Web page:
SATA Cable – All You Need to Know
What is SATA Cable?
SATA 1.0 was first released in August 2001. Short for Serial ATA (i.e., Serial Advanced Technology Attachment), SATA is an IDE (Integrated Drive Electronics) standard to connect various devices such as optical drives and hard drives to the motherboard. The term SATA cable refers to the sorts of connections and cables that follow these standards. SATA is a replacement for the PATA (abbreviation for Parallel Advanced Technology Attachment) interface used in IBM compatible computers as the IDE standard of choice for the storage device connectivity inside a computer.
SATA Cable vs. PATA Cable
Like ParallelATA, SerialATA also offers the cheaper cable costs. Moreover, SATA possesses the advantage to hot-swap devices which means you can replace the devices without turning off the whole system. Unlike SATA, you have to shut down the entire system before substituting a hard drive with PATA devices.
Note: PATA is often referred to as IDE. If you find SATA used as a contrary term of IDE, it denotes the discussion between SATA and PATA.
Here are the advantages of SATA over PATA that have made it a universal choice as the hard drive connection.
Increased Data Transfer Rate
Data transfer speed causes the main difference between PATA and SATA cable. Whereas PATA is capable of the data transferring speed of 66/100/133 MBps, SATA, on the other hand, provides 187.5 MBps to 1,969 MBps (as of revision 3.2) of speed! The fastest speeds of the latest versions of both the hard drive connections are now available. You will find that SATA’s slowest transferring speed is quicker than PATA’s fastest one! The improved speed of SATA allows users to transfer larger documents faster. Also, the faster transfer speed is equivalent to the better gaming experience, so, gamers always look up to SATA.
Cable Management and Cable Length
The length of the cable is also a defining factor why SATA is gaining more eyeballs than PATA. While the maximum length of PATA cable is 18-inches (1.5 feet), the SATA cable offers the maximum length of 3.3 feet (1 meter). With these extra inches, users get the flexibility to mount the hard drive.
Better airflow improves the overall life of a computer, and that’s what SATA cables are capable of! The thinner design of SATA cables results in increased airflow and reduced heat build-up inside a computer.
Supports More Drives
4-6 SATA connections on a computer motherboard permit multiple SATA hard drives to get connected. But a computer motherboard has only 2 PATA connections which have the capacity of supporting only 4 PATA hard drives.
SATA is widely used all over the world, but this hard drive connection also involves some flaws. Here are the disadvantages of SATA Cable over PATA.
Drivers and Support
This is one of the few drawbacks one can find for SATA over PATA. SATA hard drives require a specific device driver in the computer to recognize the drive. Nevertheless, a SATA hard drive can work as a PATA drive that abolishes the requirement for a particular driver. But this mimic functionality will cost the SATA hard drive lost some of its native functionalities!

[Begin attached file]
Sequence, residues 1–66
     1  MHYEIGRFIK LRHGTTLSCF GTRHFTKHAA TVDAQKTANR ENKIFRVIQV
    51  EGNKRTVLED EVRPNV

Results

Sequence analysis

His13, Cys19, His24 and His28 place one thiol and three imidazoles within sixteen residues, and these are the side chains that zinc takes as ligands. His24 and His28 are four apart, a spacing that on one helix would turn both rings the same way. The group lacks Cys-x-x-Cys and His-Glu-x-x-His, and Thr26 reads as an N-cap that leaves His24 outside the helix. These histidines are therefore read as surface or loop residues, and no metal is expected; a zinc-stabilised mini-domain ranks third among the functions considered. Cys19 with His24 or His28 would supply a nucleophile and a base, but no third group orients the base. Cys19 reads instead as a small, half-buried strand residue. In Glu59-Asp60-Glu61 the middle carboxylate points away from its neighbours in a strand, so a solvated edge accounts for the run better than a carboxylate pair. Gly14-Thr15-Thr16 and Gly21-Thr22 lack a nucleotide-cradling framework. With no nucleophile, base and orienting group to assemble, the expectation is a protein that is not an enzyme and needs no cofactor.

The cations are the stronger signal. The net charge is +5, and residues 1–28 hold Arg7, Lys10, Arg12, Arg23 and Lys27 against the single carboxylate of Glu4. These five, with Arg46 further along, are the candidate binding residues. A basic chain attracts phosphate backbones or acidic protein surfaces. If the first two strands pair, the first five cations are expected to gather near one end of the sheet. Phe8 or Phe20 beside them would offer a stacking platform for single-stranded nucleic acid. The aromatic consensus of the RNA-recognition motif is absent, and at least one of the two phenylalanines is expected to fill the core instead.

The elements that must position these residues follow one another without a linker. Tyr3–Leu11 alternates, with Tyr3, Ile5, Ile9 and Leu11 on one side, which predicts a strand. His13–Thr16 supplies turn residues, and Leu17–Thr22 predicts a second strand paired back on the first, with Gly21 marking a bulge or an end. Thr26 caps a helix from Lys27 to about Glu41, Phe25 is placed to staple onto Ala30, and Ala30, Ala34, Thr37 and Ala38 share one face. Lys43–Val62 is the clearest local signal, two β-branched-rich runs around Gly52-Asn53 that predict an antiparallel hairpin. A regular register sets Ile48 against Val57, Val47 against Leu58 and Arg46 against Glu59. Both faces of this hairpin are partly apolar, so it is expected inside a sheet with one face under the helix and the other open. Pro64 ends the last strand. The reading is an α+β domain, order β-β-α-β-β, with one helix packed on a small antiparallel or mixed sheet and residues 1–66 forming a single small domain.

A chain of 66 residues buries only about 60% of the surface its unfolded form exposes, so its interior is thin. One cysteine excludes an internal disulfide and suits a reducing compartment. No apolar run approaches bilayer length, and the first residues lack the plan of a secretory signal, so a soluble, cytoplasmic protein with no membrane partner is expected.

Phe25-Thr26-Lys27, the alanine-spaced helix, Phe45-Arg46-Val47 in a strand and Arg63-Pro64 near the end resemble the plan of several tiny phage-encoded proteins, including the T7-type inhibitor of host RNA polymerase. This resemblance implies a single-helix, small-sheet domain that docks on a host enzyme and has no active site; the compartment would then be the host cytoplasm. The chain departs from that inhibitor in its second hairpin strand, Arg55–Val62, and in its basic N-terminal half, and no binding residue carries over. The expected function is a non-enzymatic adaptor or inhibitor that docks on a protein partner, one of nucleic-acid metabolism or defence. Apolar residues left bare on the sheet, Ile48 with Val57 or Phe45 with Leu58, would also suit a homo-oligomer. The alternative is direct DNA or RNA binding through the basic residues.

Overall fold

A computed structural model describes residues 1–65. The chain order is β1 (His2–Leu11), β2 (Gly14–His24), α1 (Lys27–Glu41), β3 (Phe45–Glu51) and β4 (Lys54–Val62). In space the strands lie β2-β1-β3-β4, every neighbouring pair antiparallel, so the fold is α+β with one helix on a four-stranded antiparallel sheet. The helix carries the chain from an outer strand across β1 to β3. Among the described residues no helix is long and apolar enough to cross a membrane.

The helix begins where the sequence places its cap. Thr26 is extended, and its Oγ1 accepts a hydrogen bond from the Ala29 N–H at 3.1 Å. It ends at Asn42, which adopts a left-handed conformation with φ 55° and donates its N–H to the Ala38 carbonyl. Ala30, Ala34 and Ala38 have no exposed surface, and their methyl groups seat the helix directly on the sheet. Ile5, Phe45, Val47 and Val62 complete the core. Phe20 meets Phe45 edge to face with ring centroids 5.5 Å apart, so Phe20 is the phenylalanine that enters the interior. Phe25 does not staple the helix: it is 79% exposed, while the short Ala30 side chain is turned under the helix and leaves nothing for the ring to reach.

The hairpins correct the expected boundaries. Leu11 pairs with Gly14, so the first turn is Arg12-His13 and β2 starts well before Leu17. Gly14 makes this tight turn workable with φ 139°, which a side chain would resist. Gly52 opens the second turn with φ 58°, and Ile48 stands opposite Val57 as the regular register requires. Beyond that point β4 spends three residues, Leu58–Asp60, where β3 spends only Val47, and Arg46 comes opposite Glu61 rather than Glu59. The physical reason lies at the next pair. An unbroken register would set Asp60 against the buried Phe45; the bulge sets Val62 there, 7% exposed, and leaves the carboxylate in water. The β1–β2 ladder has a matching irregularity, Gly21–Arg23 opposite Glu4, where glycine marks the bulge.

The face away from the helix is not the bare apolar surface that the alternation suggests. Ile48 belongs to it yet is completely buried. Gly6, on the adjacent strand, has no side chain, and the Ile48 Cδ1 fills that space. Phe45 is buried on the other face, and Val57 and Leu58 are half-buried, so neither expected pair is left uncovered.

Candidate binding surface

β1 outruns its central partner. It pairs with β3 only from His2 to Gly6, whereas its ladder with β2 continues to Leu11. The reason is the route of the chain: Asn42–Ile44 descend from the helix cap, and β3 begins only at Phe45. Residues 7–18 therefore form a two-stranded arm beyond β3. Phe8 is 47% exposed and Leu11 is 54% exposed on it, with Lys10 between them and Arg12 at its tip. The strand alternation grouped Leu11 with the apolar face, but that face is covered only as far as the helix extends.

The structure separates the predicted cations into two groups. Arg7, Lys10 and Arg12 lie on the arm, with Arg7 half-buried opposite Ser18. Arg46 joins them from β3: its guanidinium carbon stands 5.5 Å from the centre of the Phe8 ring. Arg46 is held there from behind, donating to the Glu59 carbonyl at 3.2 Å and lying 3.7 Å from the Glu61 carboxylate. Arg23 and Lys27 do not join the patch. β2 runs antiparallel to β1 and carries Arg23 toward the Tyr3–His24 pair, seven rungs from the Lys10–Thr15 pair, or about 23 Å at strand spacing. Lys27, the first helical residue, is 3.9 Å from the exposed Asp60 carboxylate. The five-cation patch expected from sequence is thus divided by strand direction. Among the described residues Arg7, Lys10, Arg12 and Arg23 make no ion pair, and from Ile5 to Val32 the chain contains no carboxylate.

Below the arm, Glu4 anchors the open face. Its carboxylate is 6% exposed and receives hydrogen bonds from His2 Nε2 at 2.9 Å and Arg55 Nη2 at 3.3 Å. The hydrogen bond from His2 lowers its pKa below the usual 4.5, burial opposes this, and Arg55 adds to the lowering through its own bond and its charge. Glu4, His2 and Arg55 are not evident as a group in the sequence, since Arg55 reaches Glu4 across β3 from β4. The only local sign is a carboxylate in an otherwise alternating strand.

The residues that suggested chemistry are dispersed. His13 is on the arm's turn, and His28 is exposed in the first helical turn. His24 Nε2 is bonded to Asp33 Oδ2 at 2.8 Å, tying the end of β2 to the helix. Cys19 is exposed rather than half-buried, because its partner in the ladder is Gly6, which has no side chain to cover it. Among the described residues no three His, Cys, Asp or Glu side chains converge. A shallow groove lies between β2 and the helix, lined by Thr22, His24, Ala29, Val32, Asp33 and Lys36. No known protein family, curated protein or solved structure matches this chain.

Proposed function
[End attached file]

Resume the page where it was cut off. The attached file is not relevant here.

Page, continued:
Moreover, Windows 95 and 98 don’t support SATA hard drives. But as these two operating systems are nearly obsolete at the moment, it doesn’t turn out be a big issue.
One Drive per Cable
One SATA cable allows a single SATA hard drive to be connected. A single PATA cable, on the other hand, allows hooking up two PATA hard drives at a time. Since 4-6 SATA connections are generally available in today’s computer, this issue also doesn’t create much trouble for the users.
More about SATA cable and connectors
- SATA cables are 7-pin (for the data transmission) and 15-pin (power supply connection) long cables with flat and thin endings. One end of the cable connects to the storage devices like SATA hard drive, and the other end plugs into the motherboard labeled SATA.
- Within a disk array, SATA can deliver 1500 MBps (1.5 Gbps) performance to every drive.
- The device (Operating System) using SATA must support hot swapping as the SATA drive supports it.
- It is backward-compatible with ATA and ATAPI devices.
- External drives are supported by SATA through External SATA (famously known as eSATA)
What is eSATA?
eSATA is the external SATA which assists SATA to support the external drives. It supports quicker transfer speed without the bottleneck issues such as FireWire and USB, and is hot-swappable! Moreover, eSATA also supports S.M.A.R.T (Self-Monitoring Analysis and Reporting Technology) which is a disk drive technology. Despite the fantastic features and utilities, eSATA does include some cons. eSATA doesn’t distribute power through USB, so, the drives necessitate an external power source. Furthermore, eSATA cable comes with 2 meters in length which only transfers data. Due to the inability to transfer power, eSATA requires a power adapter too.
External drives attach to the eSATA connection next to the openings for USB ports, network cable, and monitor. The same internal SATA connection is made with the motherboard inside of the computer.
Note: The majority of the modern computers don’t come with preinstalled eSATA connection. Nonetheless, one can purchase the bracket at a much cheaper rate.
SATA Converter Cables
If you want to convert SATA to other connection types or a remote cable type to SATA cable, there’re various adapters available in the market. If you need to erase the drive, back up the files or browse through the data, you can easily purchase SATA to USB adapter. ‘SATA/PATA/IDE Drive to USB 2.0 Adapter Converter Cable’ is available on Amazon for purchase.
In case your power supply doesn’t offer the 15-pin cable connection, Molex Converters are a great option to power the internal SATA hard drive. Moreover, those are pretty affordable!